On finally getting home, Emily was still clueless and hoped John’s insistence “nothing had happened” was true.

However, after being arrested at the hotel he confessed to having sex with her, claiming it was consensual, but admitted she was so trashed he thought she was “on drugs or mentally ill".

Critical delay

Despite his statement, and the discovery of used condoms in the bedroom, Emily says police didn’t tell her this for two days – by which time she had showered and possibly destroyed evidence. 

A urine sample sent for a toxicology report was incorrectly labelled, giving the time of Emily’s last memory as 7pm, rather than before 5pm.

This was significant because the date rape drug GHB can only be detected in the urine for up to 12 hours. Had Emily been drugged before 5pm, it could already have left her system. 

Despite the police argument that she might have been sober enough to give consent to sex, there was no forensic examination at the hospital because police believed she was too intoxicated to consent to that.

CCTV footage from the hotel, which showed Emily stumbling through the lobby, unable to use her arms, was dismissed.

She says: “The fact that the toxicology was done too late that the wrong timeline was sent, meaning the lab concluded I hadn’t been drugged, was the biggest flaw and it took me more than a year to get them to fix it.

“They could never prove that I was too intoxicated to give consent, and the case hinged on that. 

“Instead of looking at the circumstantial evidence that something was badly wrong, like the blood sugar crash and the CCTV, they kept coming back to the fact that he said I had consented, and it’s hard to prove otherwise. They just weren't interested.”

Suicide bid

Six months after the incident, Emily was trying to rebuild her life having taken a new job at a PR agency when the CPS dropped the case.

When she finally received the toxicology report in February 2016, she discovered the timeline errors.

It also stated John had been sober and in possession of illegal drugs, which he claimed were LSD and Viagra, but were inexplicably never tested. 

“That was a real breaking moment because I just felt so utterly worthless,” Emily says.

Hitting rock bottom, she took herself back to the hotel and wrote a long suicide letter to the police detailing how she felt her case had been mishandled, then downed champagne and swallowed 40 pills.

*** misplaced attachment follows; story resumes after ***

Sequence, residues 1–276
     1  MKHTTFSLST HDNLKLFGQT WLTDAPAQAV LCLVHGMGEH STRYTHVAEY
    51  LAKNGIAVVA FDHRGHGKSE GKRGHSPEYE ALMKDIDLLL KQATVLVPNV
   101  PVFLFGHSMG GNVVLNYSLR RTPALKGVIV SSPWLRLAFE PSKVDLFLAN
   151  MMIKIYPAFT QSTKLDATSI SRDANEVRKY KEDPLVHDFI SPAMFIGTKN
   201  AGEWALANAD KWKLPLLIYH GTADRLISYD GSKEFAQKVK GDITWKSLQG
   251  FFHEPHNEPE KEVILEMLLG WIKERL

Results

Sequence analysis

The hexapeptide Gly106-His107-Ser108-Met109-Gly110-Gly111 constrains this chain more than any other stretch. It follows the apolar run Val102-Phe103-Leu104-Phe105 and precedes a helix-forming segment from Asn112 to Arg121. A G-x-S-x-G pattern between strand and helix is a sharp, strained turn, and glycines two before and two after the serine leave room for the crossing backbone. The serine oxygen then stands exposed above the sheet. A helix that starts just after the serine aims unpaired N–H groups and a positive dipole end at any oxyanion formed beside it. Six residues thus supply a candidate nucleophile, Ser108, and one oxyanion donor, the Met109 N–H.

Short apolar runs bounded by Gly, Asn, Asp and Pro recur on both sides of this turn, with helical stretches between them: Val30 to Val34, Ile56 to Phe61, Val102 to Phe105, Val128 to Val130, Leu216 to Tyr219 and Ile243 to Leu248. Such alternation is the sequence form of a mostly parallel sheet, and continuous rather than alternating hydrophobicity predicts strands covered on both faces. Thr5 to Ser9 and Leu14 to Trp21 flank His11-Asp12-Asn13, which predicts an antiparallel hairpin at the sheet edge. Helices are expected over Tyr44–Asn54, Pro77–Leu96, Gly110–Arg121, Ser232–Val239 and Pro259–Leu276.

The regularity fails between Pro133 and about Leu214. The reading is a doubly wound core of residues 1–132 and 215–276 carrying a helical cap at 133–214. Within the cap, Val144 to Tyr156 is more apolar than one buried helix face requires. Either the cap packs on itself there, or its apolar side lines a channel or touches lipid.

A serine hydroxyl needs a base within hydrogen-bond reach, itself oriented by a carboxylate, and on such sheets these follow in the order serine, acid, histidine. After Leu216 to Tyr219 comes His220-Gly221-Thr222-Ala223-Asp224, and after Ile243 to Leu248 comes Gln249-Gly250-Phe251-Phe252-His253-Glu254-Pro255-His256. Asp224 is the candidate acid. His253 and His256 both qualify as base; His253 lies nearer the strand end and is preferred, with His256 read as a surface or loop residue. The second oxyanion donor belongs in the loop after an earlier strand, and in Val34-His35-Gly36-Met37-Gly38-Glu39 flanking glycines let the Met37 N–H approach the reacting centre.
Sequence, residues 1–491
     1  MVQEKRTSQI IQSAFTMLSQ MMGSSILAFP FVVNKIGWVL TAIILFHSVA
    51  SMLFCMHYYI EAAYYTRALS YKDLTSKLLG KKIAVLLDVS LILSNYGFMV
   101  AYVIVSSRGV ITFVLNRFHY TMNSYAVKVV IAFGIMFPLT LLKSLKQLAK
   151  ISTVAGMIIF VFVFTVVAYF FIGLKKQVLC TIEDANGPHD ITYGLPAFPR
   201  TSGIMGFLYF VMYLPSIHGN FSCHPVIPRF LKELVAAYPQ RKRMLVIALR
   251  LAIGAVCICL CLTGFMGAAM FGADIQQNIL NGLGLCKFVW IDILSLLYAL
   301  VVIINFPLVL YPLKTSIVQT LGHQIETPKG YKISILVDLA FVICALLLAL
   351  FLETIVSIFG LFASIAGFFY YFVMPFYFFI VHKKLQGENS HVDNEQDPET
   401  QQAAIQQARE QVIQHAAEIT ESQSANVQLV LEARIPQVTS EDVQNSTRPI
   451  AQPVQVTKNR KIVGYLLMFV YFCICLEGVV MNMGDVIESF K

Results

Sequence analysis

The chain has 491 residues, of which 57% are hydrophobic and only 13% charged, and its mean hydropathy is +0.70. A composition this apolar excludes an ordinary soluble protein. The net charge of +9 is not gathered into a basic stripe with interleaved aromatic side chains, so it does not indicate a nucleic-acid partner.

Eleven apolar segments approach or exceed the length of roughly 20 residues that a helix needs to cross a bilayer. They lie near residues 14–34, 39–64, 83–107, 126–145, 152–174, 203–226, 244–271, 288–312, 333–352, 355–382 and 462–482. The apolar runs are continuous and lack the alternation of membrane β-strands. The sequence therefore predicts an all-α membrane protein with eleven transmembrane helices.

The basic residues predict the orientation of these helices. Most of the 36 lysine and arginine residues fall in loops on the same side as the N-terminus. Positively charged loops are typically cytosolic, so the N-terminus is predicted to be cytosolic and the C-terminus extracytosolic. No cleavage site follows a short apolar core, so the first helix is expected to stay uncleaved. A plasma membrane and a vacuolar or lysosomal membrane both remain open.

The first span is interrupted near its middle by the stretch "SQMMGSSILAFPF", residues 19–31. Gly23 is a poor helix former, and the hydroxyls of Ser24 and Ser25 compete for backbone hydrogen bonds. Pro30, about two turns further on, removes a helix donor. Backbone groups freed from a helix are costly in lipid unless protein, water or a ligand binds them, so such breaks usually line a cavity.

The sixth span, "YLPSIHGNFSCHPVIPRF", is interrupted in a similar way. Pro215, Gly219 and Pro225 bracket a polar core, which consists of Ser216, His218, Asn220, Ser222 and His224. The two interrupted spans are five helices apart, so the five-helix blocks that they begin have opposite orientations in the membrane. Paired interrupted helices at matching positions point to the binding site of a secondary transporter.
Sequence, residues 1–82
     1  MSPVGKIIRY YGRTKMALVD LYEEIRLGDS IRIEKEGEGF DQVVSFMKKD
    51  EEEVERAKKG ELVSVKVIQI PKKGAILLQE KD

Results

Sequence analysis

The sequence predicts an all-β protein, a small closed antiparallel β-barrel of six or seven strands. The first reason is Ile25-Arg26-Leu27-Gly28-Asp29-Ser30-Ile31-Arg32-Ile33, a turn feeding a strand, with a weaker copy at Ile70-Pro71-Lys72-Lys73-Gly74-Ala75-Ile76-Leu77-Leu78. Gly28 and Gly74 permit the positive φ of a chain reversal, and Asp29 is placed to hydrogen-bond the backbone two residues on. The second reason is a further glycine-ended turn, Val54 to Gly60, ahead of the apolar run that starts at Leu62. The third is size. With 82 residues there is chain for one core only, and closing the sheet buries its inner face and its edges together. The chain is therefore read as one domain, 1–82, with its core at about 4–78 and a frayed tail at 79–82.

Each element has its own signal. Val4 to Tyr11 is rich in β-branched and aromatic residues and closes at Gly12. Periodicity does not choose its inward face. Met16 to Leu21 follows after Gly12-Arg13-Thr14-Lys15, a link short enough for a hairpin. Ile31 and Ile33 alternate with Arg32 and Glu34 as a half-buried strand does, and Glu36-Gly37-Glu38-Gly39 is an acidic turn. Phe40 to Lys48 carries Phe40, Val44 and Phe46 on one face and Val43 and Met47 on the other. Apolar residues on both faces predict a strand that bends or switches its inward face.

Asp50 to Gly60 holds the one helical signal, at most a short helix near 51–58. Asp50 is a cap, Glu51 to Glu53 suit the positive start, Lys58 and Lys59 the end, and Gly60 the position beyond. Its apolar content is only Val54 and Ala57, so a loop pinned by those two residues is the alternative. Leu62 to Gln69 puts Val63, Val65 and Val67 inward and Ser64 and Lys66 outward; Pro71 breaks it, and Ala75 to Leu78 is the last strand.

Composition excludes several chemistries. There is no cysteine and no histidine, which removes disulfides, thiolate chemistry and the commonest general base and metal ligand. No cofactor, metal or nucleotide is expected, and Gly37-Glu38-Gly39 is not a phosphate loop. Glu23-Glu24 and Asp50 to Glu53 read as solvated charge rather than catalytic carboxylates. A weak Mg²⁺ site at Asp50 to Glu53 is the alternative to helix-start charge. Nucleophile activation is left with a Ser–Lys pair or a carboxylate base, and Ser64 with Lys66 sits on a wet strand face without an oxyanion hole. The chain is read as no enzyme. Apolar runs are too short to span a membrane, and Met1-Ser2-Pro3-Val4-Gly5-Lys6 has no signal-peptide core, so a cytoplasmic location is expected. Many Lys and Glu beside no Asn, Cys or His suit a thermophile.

As she began to slip away, the thought of her daughter – now 11 – made her change her mind and call friends for help.

Police, alerted by the email, found her and took her to hospital.

Court battle

On the advice of her solicitor, Emily decided to crowdfund a private prosecution and managed to raise £27,000 towards the estimated £60,000 cost.

But she was forced to abandon the case after her barrister reviewed it and said the lack of hard evidence meant the odds were against her.

In May 2016 Emily received more bad news when she was told John had taken a video of her. 

After a discussion with the Centre for Women's Justice, she asked the CPS to pursue a charge of voyeurism – but was stunned to be told it was not illegal to film somebody naked without their consent or knowledge if you are in the same room.

Refusing to give up, Emily launched a judicial review, challenging their reading of the law. 

Bizarrely, two weeks before her case was due, she was told it would be adjourned because of another case in which the CPS argued that filming a naked person without consent was illegal.

In an unprecedented twist, Emily’s legal team were invited to make their case in the same courtroom, despite not being directly involved.

The subsequent ruling in the victim’s favour meant John could now be prosecuted.

But in September 2020, despite the judge ruling he was “highly likely to reoffend”, he was given just 30 months' probation, a £2,000 fine and ordered to pay Emily £5,000.

Now a government advisor, Emily has helped implement Operation Soteria, which aims to tackle police bias in dealing with victims.

She has also written a book which tackles the way society views sexual assault claims.

“Rape is the only crime where the victim is often investigated before the perpetrator,” says Emily.

“We are letting down too many victims, but there’s now more of an effort across the criminal justice system to be better on trauma-informed responses to a rape accusation.

"Operation Soteria aims to help develop new models of dealing with rape and sexual assault across the UK."

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We Need To Talk, by Emily Hunt, is released on Mardle Books on February 2.

For help and support, contact Samaritans on 116 123 or visit samaritans.org.